Be Careful What You (Don’t Know You) Say

Have you ever said something aloud that you didn’t mean to say aloud?  Did it make a tense situation worse?  I sure have done it, and it has made me wonder if too many of the things I say in my head get heard via my lips inadvertently.

Let me illustrate.

7 or 8 years ago I was coaching a middle-school boy’s basketball team with my wife (she is the real coach in the family, having coached at one level or another since the 80s).

We were in a tight game with our biggest rival, and as we were headed down the final minutes.  The lead had changed hands back and forth the entire game, with neither team  able to get any kind of comfortable margin.

After a ball was thrown out of bounds, I called a time-out for our team.  The referees stopped play, but said that we had already used our last timeout at an earlier point in the quarter.

The problem was, while there had been a timeout at that earlier point, it was the opposing team that had taken it.  The scorers table had mistakenly charged us with the timeout.  If we had used up all our timeouts, and I had called one, we would have been charged with a bench technical foul.  That would have given the other team a free throw, and the ball out of bounds.

So, as we worked it out with the bench as to which team had called the earlier timeout, my wife and I appealed to the other coach, whom we had known through coaching.  When he heard us about to be called for a technical, he had a “I don’t know what they are talking about” (regarding the earlier timeout).

When I saw the other coach with the “I don’t know what they are talking about” look on his face, I thought I was saying to myself: “Aw, don’t lie about it”.

The problem?  I actually said it out loud!

But not only did I say it loud enough for my team to hear it, I said it loud enough for the other coach to hear it.

And, to put it mildly, the other coach blew up.  He started yelling at me, and charged toward me as if he was going bash my head in (he didn’t).

Truth is, I deserved all the flack I got that afternoon.  While I hadn’t intended on saying that aloud, I did.  And though I really believe he was attempting to put us at a disadvantage by not being truthful, I did myself and our team no good by saying aloud what never should have been uttered.

It’s a hard lesson to learn (that things I say might cause conflict).  It’s even harder to keep from doing it.  All of us are emotional beings, and sometimes our emotions rush out without restraint.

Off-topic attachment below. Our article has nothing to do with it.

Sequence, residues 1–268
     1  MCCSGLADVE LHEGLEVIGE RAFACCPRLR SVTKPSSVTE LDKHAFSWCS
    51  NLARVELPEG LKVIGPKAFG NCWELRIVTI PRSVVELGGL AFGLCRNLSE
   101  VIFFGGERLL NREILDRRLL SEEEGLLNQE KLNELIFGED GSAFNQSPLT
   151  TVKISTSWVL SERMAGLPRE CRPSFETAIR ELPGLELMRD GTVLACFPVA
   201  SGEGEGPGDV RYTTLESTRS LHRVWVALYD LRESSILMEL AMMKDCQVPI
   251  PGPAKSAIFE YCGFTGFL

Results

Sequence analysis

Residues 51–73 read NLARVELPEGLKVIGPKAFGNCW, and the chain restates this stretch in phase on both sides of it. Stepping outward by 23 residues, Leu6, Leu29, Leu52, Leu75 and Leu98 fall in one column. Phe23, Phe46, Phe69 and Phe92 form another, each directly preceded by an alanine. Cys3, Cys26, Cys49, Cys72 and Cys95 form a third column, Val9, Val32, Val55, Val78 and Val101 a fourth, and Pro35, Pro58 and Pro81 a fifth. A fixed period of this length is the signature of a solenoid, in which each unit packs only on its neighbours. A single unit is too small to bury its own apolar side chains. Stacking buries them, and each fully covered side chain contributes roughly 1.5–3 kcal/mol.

Most people do not cause conflict by too few words, but by too many.  What I learned that afternoon, and which I still am learning, is to engage my brain before I engage my mouth.   I need to be careful what I (don’t know I) say.

It makes for better relationships that way, whether at work, at school or at home.

Have you done something equally as unwise as I did that day?  Why not share it with us so we can all learn and perhaps not do something as stupid in the future.

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by Thad on May 10, 2012 · 15 comments

in life,values

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  • http://www.mastertheartofsaving.com Jen @ Master the Art of Saving

    I say stupid stuff all the time, I’m one of those people who doesn’t think before they speak. I’m working on it though. :-)

    • http://www.thadthoughts.com Thad

      I continue to learn about myself, Jen! Sounds like you are too.

  • http://blog.moneytrail.net Pam at MoneyTrail

    “Speaker” phone features are dangerous! I have put my foot in my mouth a few times.

    • http://www.thadthoughts.com Thad

      Yep! And anything that others can read anywhere (like Facebook or Twitter).

  • http://bogofdebt.wordpress.com bogofdebt

    I’ve learned the hard way that not only do I say things out loud without meaning too I also say things that only make sense to me. I know what I mean but others will misinterpret very easily because obviously they aren’t in my head. I try to pause between thinking something and saying it out loud–this helps gather my thoughts and I make sure I can say what I actually mean. It also clears up a lot of misinterpertation.

    • http://www.thadthoughts.com Thad

      Those are great steps to avoid the kind of problem I found myself in. Thankfully that was about the worst of the worst and hasn’t been repeated.

  • http://www.joyfulselfmanager.com Anthony Thompson

    This certainly brings back memories of those times when I opened my mouth and said stuff that I shouldn’t have. In fact, who haven’t done this? And, the worse part is there never a do-over. What’s done is done, and I learned this the hard way. Now, whenever I feel the need to say anything, I do a head check first to make sure that it’s safe to say it. If it is, then I’ll say it and do so with tact. If it’s not, I’ll keep my mouth shut.

    • http://www.thadthoughts.com Thad

      I like the “head check” idea.

  • http://worksavelive.com Jason

    I pretty sure I say something stupid every day. lol. I definitely need to work on it!

    Be quick to listen, slow to speak.

    • http://www.thadthoughts.com Thad

      Proverbs sure has lessons for today!

  • http://prairieecothrifter.com Miss T @ Prairie Eco-Thrifter

    I have done this numerous times in my relationships and with family. Luckily I haven’t done it at work. That would have been way worse.

    In the past my family has just pushed my buttons and they would set me off. I would react to everything and so would they. Not a good situation. I have learned now to pause and not react which has helped me huge. They still have some things to work on though.

    • http://www.thadthoughts.com Thad

      Sounds like you have learned a valuable lesson. I’m still learning, unfortunately.

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